i d e a s f o r a c t i o n
Polluting our air, rivers, and lakes, mercury is one of the most toxic substances we know. Like lead, it affects the central nervous system, putting children in utero, infants and young children most at risk.
In fact, concern over mercury contamination has led governmental agencies to warn customers not to eat bass, trout and other sporting fish caught in 1000 lakes and streams in 40 U.S. states. The Environmental Protection Agency (EPA) estimates seven million woman and children are regularly eating fish that the agency considers unsafe.
Coal-burning electric power plants are the largest source of mercury pollution. Nearly 400 plants in 43 states are annually emitting an estimated 98,000 pounds of mercury directly into the air through the plants smokestacks and are generating another 81,000 pounds a year in mercury-tainted waste.
Industry political pressure on Congress has prevented the EPA from regulating mercury or any other air pollutants emitted by the utilities. Despite an EPA report to Congress that documented the threat of power plant emissions to human health and the environment, Congress prohibited EPA action until after additional studies were completed by the National Academy of Science.
Exercise Your Green Power
The best way to reduce mercury exposure is to increase the use of green power. Green power is key to creating a cleaner, sustainable energy system. Renewable energy - power from the sun, wind, plants, and moving water -- is a natural way to meet our energy needs and protect the environment.
In the current deregulated electricity market, you will increasingly be able to choose green power as an option. Choosing new, green power could make a big difference for the environment, because electricity generation is the largest industrial polluter in the country.
The opportunity to choose green power is relatively new. By early 1999, 20 states had acted to restructure their electric industries and to offer consumer choice over time. Only four states - California, Massachusetts, Rhode Island and Pennsylvania - have fully competitive markets; each differs substantially. Utilities in ten states have started pilot programs offering green power options. Only New Hampshire and Oregon have significant pilot programs in place.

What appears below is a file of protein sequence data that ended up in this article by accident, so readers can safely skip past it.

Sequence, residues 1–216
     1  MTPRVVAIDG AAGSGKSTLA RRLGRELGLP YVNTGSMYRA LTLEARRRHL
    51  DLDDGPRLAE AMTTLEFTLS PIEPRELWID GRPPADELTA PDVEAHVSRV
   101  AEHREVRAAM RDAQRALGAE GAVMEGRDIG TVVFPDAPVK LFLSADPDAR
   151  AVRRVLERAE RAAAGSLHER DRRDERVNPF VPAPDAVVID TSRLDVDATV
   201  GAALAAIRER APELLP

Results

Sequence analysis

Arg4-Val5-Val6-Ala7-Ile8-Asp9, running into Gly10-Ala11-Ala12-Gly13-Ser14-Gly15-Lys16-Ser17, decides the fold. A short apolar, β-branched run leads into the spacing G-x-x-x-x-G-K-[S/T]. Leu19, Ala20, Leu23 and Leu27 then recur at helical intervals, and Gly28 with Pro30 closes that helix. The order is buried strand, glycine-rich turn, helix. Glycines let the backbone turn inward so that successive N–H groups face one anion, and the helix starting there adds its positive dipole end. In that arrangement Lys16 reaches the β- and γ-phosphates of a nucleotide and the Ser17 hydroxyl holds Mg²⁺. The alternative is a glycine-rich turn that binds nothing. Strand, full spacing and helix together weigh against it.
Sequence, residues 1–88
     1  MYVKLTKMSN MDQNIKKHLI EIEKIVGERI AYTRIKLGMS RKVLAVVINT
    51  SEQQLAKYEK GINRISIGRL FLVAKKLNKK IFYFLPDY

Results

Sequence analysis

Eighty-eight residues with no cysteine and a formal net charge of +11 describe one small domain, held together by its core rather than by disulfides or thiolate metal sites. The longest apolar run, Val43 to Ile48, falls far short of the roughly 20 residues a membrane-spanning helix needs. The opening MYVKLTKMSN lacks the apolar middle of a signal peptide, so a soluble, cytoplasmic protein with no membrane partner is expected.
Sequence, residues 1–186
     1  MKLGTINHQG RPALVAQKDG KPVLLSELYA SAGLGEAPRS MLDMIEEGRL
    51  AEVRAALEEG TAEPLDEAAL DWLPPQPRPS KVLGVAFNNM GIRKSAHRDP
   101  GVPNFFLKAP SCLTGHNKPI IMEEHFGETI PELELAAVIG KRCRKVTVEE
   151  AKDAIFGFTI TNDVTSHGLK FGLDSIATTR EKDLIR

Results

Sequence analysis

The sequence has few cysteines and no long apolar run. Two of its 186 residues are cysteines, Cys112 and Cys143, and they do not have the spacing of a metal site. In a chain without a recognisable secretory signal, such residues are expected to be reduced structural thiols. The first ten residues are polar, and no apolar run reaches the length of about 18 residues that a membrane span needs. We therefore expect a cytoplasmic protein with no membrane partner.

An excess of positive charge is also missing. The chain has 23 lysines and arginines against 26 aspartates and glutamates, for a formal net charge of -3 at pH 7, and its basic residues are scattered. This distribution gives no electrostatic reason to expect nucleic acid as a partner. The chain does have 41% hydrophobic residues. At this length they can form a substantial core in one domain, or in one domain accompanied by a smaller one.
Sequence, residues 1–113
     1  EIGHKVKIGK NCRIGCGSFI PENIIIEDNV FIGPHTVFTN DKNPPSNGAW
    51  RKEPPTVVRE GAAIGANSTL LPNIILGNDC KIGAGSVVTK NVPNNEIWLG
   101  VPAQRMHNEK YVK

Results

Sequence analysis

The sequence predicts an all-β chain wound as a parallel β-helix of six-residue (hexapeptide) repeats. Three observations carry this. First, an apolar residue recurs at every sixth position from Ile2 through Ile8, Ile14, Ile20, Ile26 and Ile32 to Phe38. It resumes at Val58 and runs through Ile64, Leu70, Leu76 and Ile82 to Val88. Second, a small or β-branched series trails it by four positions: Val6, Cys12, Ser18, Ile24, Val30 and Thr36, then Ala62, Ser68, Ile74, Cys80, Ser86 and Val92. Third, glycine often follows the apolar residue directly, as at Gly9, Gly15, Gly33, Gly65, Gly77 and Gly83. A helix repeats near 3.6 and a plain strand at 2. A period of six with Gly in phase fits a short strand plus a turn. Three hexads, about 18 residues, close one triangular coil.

The availability of green power will increase with consumer demand. Even in states that offer green power, the actual offerings may be slim and/or expensive. Participate in our Earth Day 2000 Green Power Survey to find out what your utility offers and to remind them that customers like you care. Simply cut out the survey and mail it to your utility.
Write the EPA
Within the next 12 months, the EPA must make a decision whether to set strict emission caps on mercury and other common pollutants from power plants. Write a letter to EPA Administrator Carol Browner demanding that tight controls be enacted. Her address is: Administrator Carol Browner, U.S. Environmental Protection Agency, 401 M Street S.W., Washington, DC 20460.
Survey your Utility Company
With the advent of energy deregulation, now is the time to hold energy companies accountable to offering green alternatives. The following Green Power Survey is designed to help you avoid Greenwashing scams and influence the energy companies in your area to offer better alternatives.
Send a copy of the attached questionnaire to the Customer Service director of you local utility. If you cc it to the editor of your local newspaper at the same time, you are more likely to get a response.
Customer Name __________________________________________
3. Do you have plans to invest in clean renewable energy sources? _____
4. What do you project your future energy mix to be in the future (next 5-10 years)? _____
5. Are all your plants in compliance with current national Clean Air Act standards? _____
6. Do you provide services or incentives to encourage energy efficiency, e.g., free energy efficiency services like weatherization or compact fluorescent light bulb distribution? _____
©1999 Earth Day 2000
ALL RIGHTS RESERVED